The only way this hypothesis works is if you engineer your comparison groups and your metrics to make it work. I’m with Emerson on this one–it sounds like something from a mirror-universe version of The Fountainhead.

  10. I like how the guy handled “agnostic” is always the one most convinced of his infallibility.

  11. What Pinker says is that 20th C. art and architecture have been flops. I can’t speak to architecture, and I like the Blowhards when they write about it, but my criticism of 20th c. art is that it’s too decorative, too gimmicky, and too commercial — hardly a flop. Impressionism is usually considered part of modernism — usually people bitch that modern art isn’t representational enough, and impressionism isn’t (look at Cezanne).  
     
    We’ve had our frank exchange of views now. I guess I just don’t think that buying a Tiffany lamp has much of anything to do with an end of the Two Cultures divide.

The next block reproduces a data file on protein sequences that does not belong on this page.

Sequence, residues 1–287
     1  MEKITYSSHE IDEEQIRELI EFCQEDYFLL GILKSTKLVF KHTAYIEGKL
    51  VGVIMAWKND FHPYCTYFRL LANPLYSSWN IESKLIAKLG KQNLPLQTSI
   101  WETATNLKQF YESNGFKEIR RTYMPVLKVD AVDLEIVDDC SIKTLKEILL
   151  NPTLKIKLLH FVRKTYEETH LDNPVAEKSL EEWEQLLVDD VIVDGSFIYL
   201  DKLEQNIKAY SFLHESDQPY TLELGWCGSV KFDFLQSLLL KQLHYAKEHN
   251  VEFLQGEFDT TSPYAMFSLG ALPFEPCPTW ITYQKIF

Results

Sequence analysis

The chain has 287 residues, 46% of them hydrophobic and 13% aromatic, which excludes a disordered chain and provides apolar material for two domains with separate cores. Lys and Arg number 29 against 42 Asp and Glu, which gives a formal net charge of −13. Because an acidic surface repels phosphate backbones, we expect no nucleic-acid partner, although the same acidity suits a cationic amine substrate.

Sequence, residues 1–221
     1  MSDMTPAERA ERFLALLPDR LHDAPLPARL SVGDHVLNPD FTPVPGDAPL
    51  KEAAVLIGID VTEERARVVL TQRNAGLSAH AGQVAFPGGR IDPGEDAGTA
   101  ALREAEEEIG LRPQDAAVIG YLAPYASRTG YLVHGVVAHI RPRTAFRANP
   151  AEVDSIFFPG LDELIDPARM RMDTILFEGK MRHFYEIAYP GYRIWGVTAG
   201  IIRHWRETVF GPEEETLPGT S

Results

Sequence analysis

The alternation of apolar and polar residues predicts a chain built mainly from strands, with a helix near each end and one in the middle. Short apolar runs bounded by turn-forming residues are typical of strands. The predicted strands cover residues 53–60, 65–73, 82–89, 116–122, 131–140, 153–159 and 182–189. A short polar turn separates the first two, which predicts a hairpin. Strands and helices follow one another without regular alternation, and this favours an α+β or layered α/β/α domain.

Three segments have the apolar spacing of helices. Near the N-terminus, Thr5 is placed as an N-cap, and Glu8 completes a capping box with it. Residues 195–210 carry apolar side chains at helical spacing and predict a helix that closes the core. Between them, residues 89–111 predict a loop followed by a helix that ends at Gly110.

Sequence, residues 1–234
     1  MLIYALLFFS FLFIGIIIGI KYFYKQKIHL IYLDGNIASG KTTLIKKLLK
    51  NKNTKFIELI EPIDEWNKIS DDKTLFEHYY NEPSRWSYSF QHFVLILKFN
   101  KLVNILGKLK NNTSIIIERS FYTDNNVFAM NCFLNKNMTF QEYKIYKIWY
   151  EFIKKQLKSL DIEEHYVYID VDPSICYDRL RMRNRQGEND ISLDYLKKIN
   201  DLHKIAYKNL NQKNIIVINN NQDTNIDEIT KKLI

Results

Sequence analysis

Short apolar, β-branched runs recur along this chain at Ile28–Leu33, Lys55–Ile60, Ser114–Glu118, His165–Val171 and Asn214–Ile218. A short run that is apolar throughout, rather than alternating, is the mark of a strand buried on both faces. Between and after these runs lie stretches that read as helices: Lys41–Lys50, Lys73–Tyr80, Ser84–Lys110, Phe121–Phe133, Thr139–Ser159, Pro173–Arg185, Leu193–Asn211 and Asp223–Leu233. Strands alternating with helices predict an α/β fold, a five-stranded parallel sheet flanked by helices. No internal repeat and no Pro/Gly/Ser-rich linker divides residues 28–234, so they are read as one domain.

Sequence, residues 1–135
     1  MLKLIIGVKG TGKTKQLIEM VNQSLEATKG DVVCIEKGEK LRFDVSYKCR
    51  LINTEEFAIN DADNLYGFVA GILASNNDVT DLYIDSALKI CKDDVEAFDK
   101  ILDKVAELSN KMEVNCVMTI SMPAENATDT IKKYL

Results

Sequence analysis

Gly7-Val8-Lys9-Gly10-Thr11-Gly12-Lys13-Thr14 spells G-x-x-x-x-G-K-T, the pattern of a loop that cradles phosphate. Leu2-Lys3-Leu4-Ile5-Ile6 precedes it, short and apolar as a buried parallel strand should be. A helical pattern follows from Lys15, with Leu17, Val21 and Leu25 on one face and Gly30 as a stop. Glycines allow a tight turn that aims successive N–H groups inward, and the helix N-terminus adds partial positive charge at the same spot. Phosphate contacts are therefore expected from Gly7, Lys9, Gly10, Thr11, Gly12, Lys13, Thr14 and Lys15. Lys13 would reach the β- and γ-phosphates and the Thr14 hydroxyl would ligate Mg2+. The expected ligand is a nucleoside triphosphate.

12. Tonio, 
     
    I congratulate Agnostic – and other bloggers here – of having intellect to come up with novel ways of exploring data associations, then going to the trouble of working up the data and having the cajones to post the results, whatever they may be.  
     
    Whether you like the results or not is immaterial, they certainly are comment worthy and often spur further analysis and discussion, which IMO is the reason to post in the first place.

  13. Plus Tonio has never heard of availability bias — he never observes me when I’m baffled because I don’t post in that case, saving posts for when I’ve already got a pretty good idea of what’s going on. 
     
    Unlike Matt Yglesias, or whoever, who reflexively post about the 150 ideas that pop into their mind during the day, whether they know anything or not.

  14. Check out how the CIA promoted abstract expressionism to battle communism sometime. Interesting stuff.